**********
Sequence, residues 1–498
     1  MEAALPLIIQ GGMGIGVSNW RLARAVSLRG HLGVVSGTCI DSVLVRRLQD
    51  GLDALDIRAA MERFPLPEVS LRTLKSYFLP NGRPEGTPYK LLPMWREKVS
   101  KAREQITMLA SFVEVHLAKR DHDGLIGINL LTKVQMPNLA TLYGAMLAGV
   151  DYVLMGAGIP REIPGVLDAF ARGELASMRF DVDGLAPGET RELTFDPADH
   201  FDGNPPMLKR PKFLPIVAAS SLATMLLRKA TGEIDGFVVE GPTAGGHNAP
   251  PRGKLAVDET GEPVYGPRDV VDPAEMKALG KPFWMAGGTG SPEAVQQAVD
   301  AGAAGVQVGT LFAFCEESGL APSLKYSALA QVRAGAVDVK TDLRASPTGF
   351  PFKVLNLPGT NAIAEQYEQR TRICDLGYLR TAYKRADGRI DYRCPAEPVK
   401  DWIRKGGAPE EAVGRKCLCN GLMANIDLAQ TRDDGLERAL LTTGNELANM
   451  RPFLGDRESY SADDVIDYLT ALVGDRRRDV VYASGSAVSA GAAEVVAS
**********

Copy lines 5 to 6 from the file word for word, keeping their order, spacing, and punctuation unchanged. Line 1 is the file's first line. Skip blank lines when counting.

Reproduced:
   151  DYVLMGAGIP REIPGVLDAF ARGELASMRF DVDGLAPGET RELTFDPADH
   201  FDGNPPMLKR PKFLPIVAAS SLATMLLRKA TGEIDGFVVE GPTAGGHNAP